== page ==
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WPA: Lake Yosemite

SUN-STAR PHOTO BY BEA AHBECK
Sunset at Lake Yosemite in Merced, Calif. Tuesday, April 27, 2010.
SUN-STAR PHOTO BY BEA AHBECK Sunset at Lake Yosemite in Merced, Calif. Tuesday, April 27, 2010. Merced Sun-Star

Lake Yosemite, despite its vast shores and native sands is entirely man-made, right down to the splendid beach you might call your summer home away from home.

The water, of course, rests in an artificial reservoir that once provided the city of Merced with its drinking water, but now serves as the lifeblood of this area's ag industry.

What might come as a surprise is the fact that the sand for the main beach at Lake Yosemite was hauled from the Merced River in Cressey by a team of Works Progress Administration workers.

The local WPA program also created restroom facilities, new piers, diving boards, floats, outdoor barbecue pits and "the finest horseshoe court in the state," according to the May 25, 1939 edition of the Merced Express newspaper.

The work took nine months and cost an estimated $64,748.

In planning for the "Valley center of recreation," a commission created by the county supervisors had to consider whether houseboats should be kicked off the waters and passed rules like this one: "Concessions (should) be strictly limited to those which would further the enjoyment of the four primary purposes of the park" which were identified as picnicking, swimming, boating and fishing.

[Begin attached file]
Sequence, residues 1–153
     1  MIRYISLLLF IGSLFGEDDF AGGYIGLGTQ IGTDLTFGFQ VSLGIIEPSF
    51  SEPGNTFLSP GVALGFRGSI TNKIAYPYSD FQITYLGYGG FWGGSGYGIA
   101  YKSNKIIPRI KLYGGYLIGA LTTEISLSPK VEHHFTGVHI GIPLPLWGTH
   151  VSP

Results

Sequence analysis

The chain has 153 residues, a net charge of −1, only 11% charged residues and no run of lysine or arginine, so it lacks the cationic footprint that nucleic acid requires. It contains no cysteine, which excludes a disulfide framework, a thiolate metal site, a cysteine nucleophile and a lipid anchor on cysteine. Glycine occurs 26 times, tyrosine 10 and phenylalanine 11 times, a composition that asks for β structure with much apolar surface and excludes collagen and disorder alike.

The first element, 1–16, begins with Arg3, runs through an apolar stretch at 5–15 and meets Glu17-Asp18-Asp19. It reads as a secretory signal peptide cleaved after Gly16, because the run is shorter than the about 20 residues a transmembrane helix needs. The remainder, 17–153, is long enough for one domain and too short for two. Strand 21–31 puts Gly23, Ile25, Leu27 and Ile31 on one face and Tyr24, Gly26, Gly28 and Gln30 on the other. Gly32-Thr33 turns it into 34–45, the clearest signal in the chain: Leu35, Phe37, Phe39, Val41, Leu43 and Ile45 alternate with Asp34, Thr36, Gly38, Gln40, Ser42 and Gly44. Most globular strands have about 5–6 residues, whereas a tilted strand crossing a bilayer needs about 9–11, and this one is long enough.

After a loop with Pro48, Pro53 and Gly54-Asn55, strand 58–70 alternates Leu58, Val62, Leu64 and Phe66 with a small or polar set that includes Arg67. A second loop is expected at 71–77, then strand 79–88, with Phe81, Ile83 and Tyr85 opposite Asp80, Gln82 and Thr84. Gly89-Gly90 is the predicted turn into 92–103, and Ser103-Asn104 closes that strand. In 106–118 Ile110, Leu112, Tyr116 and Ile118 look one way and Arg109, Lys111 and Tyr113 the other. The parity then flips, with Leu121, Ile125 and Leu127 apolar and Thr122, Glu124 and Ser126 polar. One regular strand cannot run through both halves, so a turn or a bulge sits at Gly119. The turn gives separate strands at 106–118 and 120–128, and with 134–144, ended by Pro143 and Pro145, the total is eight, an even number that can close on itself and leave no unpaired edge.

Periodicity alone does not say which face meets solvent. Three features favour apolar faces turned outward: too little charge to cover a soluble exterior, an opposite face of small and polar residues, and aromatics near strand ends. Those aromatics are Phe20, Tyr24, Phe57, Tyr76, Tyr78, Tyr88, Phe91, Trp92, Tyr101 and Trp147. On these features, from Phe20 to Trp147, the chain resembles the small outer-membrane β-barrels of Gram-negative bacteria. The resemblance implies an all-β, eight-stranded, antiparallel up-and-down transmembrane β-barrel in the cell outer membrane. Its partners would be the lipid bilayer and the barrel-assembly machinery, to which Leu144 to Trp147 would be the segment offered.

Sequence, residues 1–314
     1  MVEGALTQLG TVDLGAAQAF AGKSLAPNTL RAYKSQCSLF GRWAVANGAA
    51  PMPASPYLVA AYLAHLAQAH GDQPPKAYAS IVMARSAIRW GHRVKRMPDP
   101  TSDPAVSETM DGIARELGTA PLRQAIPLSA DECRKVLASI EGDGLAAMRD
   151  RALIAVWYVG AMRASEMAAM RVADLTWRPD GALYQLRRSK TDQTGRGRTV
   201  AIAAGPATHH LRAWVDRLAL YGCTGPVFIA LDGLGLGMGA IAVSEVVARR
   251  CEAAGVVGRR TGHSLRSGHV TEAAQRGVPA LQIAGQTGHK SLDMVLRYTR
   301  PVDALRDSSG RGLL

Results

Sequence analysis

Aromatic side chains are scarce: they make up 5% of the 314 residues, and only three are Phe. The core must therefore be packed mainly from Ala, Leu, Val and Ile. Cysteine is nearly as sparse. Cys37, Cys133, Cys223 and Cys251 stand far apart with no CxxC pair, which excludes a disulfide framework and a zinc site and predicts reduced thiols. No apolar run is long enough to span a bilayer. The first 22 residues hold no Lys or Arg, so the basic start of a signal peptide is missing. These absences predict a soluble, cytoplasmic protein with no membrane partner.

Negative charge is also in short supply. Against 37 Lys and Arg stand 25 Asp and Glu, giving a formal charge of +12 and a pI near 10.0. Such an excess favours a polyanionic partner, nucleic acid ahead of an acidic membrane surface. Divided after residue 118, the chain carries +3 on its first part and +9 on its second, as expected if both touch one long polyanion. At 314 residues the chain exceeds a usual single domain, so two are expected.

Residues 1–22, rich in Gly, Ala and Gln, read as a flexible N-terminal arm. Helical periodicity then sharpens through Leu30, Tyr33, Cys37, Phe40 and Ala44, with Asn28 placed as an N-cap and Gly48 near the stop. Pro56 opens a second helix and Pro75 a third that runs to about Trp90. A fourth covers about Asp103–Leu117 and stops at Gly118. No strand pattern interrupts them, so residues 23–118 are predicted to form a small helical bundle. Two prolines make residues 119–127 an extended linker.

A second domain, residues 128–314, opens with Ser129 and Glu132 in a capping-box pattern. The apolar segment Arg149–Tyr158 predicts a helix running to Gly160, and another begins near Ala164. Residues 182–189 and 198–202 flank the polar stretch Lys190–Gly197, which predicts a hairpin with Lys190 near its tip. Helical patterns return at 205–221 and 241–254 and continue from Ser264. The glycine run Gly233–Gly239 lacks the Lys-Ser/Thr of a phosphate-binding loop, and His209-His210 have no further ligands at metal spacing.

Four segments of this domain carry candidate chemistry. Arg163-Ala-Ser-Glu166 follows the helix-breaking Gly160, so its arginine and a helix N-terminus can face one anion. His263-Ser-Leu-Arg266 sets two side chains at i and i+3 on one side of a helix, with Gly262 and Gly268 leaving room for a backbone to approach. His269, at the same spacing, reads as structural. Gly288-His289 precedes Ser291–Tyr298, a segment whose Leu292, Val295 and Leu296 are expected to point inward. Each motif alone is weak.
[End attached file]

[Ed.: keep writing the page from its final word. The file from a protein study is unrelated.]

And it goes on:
Nearly 3,000 people turned out to the grand opening of the lake on May 30, 1939. Local attorney H.K. Landram led an opening ceremony, according to the newspaper, and noted the "spiritual uplift it will provide in offering a place to rest and relax after a day of hard work."

Eugene W. Lee, 82, remembers going to Lake Yosemite for Livingston High School's 1945 Senior Skip Day. The sand at the beach meant more than a day in the sun to the Cressey native.

"By the time I was 8 or 9 years old, that sand had left a great hole in Merced River where everyone swam and drowned," Lee recalled from his Daly City home this week. "People from out of town that didn't know the area would want to swim in the river. They would wade in and then fall into a deep, big hole."

Lee said he and the other neighborhood kids knew better than to take a dip in the mighty Merced River, but he sure did enjoy that day at the beach in '45.

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